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October 31, 2007

Bringing SOA to small enterprises

At the recent Butler Group and OASIS conference on SOA standards and their impact on the public sector, one speaker described the Japanese government's initiative to use SOA to boost the number of small- and medium-sized enterprises that conduct direct B2B e-commerce. This initiative may prove an example of good foresight, and could help give Japanese small businesses an edge over foreign rivals.

By CBR Staff Writer

Some 99% of all businesses in Japan fall into the small or medium category, and currently only 8% of these have the capability to conduct B2B electronic commerce. The government’s target is to raise this above 50%, with the help of SOA.

SOA is complex. This much is quite obvious to anyone that has looked at the methodologies, strategies, or technologies that have evolved around the architecture. In fact, the complexities start at the infrastructure level before becoming at all involved in the mechanics of SOA. Traditional SOA requires the requester of a service to be able to send a message that will cause it to respond.

The automatic assumption is that the service must be continually available – outages will cause processes to break and the requester to seek a different business partner. This 24/7 dependency is the result of the message ‘push’ model that is assumed by most SOA implementations, and is enshrined in ebXML 2.0. ebXML was started in 1999 as a joint initiative between the United Nations Centre for Trade facilitation and Electronic Business (UN/CEFACT) and the Organization for the Advancement of Structured Information Standards (OASIS). It has been instrumental in documenting the protocols required for effective e-business, but this has always been colored by the needs of the large organizations that have spearheaded the electronic commerce revolution.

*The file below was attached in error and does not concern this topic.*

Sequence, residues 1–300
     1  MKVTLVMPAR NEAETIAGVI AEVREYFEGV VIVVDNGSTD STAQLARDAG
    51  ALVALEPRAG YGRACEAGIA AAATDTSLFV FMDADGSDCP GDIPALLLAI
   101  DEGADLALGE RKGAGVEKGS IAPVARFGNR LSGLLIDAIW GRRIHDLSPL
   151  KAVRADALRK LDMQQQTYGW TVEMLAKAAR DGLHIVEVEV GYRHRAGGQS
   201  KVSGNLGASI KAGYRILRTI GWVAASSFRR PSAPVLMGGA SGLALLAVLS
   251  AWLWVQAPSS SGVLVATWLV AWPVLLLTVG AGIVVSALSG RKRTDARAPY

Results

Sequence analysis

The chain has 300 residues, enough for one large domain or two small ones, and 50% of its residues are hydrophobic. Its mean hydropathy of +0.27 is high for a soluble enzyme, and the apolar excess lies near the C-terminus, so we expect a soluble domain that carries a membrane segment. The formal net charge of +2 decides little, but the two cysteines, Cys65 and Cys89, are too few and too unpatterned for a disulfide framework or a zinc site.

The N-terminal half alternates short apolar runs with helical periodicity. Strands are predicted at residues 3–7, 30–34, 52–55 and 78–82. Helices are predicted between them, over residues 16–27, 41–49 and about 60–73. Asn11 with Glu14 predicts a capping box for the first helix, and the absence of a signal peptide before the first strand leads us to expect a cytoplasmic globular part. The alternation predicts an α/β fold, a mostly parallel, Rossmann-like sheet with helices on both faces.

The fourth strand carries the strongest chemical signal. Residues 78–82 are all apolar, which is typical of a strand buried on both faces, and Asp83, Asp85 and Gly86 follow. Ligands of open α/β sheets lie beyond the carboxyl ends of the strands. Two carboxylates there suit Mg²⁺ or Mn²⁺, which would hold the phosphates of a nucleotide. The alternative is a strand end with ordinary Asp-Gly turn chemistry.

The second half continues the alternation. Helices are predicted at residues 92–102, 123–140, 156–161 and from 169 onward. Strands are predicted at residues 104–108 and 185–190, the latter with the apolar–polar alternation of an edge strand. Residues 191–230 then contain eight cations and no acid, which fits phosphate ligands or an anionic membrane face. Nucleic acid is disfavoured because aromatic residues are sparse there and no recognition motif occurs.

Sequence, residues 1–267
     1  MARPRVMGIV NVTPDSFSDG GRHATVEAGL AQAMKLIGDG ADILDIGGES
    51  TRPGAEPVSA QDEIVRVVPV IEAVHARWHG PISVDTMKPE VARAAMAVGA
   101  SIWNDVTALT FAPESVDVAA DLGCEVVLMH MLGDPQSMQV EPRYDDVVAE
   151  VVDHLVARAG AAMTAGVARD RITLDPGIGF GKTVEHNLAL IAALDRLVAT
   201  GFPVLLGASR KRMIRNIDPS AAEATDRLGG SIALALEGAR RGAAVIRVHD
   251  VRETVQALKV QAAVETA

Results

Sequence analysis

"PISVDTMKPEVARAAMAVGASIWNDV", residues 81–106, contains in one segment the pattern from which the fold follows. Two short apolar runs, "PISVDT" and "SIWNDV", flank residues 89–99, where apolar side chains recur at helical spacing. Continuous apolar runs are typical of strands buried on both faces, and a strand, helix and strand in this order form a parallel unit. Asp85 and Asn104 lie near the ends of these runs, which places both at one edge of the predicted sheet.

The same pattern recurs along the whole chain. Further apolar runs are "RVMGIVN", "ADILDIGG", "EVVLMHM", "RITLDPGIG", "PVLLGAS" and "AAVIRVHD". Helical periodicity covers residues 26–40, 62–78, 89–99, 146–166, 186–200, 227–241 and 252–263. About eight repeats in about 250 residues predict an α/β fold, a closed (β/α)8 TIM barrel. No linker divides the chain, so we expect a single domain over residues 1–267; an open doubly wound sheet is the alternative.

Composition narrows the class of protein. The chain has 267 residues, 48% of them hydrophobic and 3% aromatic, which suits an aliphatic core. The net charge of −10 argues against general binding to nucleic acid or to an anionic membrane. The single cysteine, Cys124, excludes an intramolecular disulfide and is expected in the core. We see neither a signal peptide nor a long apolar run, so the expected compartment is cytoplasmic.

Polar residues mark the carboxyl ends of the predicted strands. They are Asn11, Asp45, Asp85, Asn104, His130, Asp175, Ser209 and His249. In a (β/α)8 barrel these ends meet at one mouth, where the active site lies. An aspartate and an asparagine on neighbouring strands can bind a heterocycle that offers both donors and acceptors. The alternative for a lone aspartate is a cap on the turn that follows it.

As part of the initiative, work has been done on extending ebXML to support ‘pull’ messaging. In this variation, messages for a recipient will be stored until the receiving organization issues requests to retrieve them. In this way, small- to medium-sized enterprises (SMEs) that cannot justify the cost of running a full high-availability, 24/7 IT operation can create a far simpler IT infrastructure. Messages can be downloaded asynchronously at a time to suit the recipient. This extension to ebXML has now been approved by OASIS and formalized as ebXML 3.0 in October 2007.

Further work being carried out in Japan will result in creating a set of templates that can be used by small businesses to simplify and reduce the cost of implementing SOA. These two components of the initiative in Japan should reduce the risk, cost, and time for a small business to get up and running in electronic commerce, and have the potential to have a significant influence on the country’s overall business market. It could help the Japanese small business sector become more able to resist foreign commercial competitors.

The approach being taken by the Japanese government is in direct contrast to the majority opinion in western Europe. In Europe, it is still generally accepted that SOA is an architecture for the large and very large enterprise sectors. If SMEs are foolhardy enough to wish to enter the SOA-enabled electronic commerce market, then they have to pay the entry price of either implementing high-availability 24/7 systems or outsourcing their IT environment to a hosting provider. For some organizations the hosting option will be a good solution, while for others it will be overkill and unacceptably expensive.

The Japanese initiative shows that there is an alternative approach. It may not be ideal for all SMEs, but it certainly will be for some. There now seems to be a real chance that small businesses in Europe, and potentially other regions, will be disadvantaged in comparison to their Japanese equivalents, because the Japanese government has had the foresight to take a concept that is useful but limited in scope, and extend it to increase its applicability to the majority of commercial organizations.

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Source: OpinionWire by Butler Group (

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